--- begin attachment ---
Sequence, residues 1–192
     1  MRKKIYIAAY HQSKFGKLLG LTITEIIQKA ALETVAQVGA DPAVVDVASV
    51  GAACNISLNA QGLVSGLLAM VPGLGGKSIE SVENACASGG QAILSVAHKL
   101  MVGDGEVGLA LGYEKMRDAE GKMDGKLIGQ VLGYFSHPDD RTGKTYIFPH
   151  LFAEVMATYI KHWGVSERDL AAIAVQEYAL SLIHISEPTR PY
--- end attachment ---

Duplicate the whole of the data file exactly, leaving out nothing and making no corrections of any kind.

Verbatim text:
Sequence, residues 1–192
     1  MRKKIYIAAY HQSKFGKLLG LTITEIIQKA ALETVAQVGA DPAVVDVASV
    51  GAACNISLNA QGLVSGLLAM VPGLGGKSIE SVENACASGG QAILSVAHKL
   101  MVGDGEVGLA LGYEKMRDAE GKMDGKLIGQ VLGYFSHPDD RTGKTYIFPH
   151  LFAEVMATYI KHWGVSERDL AAIAVQEYAL SLIHISEPTR PY